That evening Stowescroft sat in his chair. Far away lights were springing up on Federal Hill. He sat in reverie, thinking of Lounger, Jr.'s reassurances, and wishing that he had had the courage to make a clean breast of the affair. Why had he not told him of how precisely Klarkash-Ton's painted book duplicated the Necronomicon of his dreams? Or of how the quotations from the book, with which he studded his stories, required not the slightest labor, but rather sprang to his pen as if by rote? Or even more alarming, of how even the quotations of the "gang", of Blake's and Comte d'Erlette's, which presumably would have to be invented by them, had sounded disturbingly familiar? He remembered with a sudden access of trepidation the visit of the Italian from Federal Hill, who excitedly had insisted that he burn the book, and when Stowescroft had assured him it was an invention, had declared that it was known to his grandfather, and that his grandfather after whispering of it had made the sign of the cross.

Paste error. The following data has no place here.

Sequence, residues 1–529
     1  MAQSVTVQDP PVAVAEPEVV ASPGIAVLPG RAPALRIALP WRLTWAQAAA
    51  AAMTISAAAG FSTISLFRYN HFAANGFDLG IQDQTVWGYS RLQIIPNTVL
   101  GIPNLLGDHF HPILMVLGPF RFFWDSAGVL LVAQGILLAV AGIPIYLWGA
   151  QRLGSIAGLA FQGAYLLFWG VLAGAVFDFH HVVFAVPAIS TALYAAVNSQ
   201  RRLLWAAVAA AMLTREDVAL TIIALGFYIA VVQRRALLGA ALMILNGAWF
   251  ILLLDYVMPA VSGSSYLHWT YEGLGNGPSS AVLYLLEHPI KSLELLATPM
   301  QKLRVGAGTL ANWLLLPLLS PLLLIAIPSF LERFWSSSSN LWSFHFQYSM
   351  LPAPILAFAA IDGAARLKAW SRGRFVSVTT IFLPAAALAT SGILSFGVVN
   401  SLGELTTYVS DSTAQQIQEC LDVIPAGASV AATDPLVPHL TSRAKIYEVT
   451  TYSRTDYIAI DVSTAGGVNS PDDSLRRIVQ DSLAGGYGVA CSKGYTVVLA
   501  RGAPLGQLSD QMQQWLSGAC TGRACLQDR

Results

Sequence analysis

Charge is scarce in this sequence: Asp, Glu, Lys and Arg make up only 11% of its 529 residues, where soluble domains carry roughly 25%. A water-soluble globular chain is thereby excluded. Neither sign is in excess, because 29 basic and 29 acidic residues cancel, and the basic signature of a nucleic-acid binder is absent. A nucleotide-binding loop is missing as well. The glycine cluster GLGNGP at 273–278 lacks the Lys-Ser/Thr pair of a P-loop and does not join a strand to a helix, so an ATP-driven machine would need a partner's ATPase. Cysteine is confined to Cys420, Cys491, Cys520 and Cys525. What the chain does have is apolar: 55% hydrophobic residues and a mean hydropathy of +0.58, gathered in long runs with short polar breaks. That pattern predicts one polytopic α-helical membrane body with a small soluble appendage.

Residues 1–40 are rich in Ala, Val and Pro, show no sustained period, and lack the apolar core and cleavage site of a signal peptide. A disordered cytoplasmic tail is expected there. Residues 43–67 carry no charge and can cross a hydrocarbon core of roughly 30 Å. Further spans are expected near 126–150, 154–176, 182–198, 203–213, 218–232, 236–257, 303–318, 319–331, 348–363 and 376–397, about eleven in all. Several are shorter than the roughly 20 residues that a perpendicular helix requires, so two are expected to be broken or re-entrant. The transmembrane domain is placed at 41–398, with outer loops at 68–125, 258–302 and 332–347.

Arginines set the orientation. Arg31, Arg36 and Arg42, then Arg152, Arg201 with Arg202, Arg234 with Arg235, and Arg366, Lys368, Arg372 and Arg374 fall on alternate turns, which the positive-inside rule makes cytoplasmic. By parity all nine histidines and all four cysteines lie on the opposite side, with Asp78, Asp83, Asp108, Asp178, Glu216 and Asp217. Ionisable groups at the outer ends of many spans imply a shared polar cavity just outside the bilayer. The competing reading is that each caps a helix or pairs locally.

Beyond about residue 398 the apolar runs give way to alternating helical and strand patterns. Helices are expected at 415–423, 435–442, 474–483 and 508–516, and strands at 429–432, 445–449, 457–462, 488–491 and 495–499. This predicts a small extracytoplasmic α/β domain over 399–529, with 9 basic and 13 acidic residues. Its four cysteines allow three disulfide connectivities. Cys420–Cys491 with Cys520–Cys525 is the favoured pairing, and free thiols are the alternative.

Was it possible that somewhere such a book did exist, and that by some curious communication he had been made aware of it in his nightmares? And, granting so impossible a speculation, how could it be found and its spell exorcised?

Stowescroft sat late in his chair that night, and when he went to his bed he was almost instantly asleep and dreaming. And in his dream the Necronomicon was seen with a greater clarity than ever before, and he fingered its mouldering pages that had a wormhole exactly where Klarkash-Ton had placed it in his painting. And for the first time the ancient script was sufficiently legible. He read in it, although it spoke of such abominations that he struggled without avail to awaken. And once and again his eye hesitated over words that were damnedly familiar, and he recognized them in his dreaming state as the quotations the "gang" had so inadvertantly used.

In the morning the words stood out in his memory as clearly as he had read them in his dreams. He shrank in horror from their import, and told himself realistically that such things could not and must not be, and that he was Edward Stowescroft of 66 College St., Providence, R. I., a very prosaic and obscure writer who specialized in outré tales for which he was ill paid.